Mark Zandi, the chief economist for Moody's Economy.com, wrote a good synopsis in an editorial today of the potential broader implications of the problems in housing and mortgages. Here are some excerpts:
Some 2.5 million homeowners -- 5 percent of all mortgage holders -- are expected to default on their mortgage loans this year and next. This is a record percentage that will mean a whopping $400 billion worth of defaults and $100 billion in losses to investors in mortgage securities. The fallout will hit nearly all of us.
First, home values will sink. Loans will be tougher to get, meaning fewer families will qualify for mortgages. Foreclosure sales will put more properties on the market at steep discounts. Less housing demand and more supply add up to lower prices.
Homeowners will find it more difficult to tap the equity in their homes for cash via home-equity loans or cash-out refinancing. Such lending is already fading quickly.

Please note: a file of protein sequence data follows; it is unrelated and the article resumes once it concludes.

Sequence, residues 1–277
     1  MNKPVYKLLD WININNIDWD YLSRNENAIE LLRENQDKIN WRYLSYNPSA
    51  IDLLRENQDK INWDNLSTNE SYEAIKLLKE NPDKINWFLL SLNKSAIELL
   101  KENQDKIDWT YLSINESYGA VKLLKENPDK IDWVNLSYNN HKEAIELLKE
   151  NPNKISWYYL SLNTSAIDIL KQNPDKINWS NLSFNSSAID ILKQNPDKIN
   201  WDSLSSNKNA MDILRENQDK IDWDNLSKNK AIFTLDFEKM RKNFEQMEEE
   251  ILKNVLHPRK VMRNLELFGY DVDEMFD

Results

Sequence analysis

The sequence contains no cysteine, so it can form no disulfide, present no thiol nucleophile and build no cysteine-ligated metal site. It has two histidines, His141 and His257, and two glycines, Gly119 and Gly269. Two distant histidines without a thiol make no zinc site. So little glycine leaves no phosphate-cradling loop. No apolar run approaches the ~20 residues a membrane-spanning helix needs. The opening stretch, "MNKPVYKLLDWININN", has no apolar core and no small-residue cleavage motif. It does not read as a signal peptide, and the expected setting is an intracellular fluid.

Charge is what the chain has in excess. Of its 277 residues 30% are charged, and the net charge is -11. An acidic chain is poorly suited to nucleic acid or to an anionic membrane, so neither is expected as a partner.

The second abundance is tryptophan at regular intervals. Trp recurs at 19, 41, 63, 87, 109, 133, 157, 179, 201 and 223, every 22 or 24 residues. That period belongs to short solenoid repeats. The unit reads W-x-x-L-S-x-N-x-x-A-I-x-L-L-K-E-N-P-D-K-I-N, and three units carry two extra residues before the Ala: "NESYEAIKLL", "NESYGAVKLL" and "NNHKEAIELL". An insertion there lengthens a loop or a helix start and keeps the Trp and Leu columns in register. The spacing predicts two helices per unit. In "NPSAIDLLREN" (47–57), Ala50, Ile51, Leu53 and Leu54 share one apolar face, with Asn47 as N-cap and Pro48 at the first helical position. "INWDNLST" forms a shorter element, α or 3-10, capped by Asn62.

On the other side of the coin are investors who chose the riskier flavors of the new mortgage securities and now face big losses. If that sounds like someone else's problem, think again. Lots of pension plans that manage the savings of millions of ordinary workers and retirees have invested in hedge funds in recent years. Many of those funds are exposed to the mortgage market.
. . .
Finally, policy makers should prepare for the possibility that the fallout will undermine the stability of the global financial system and thus the broader economy.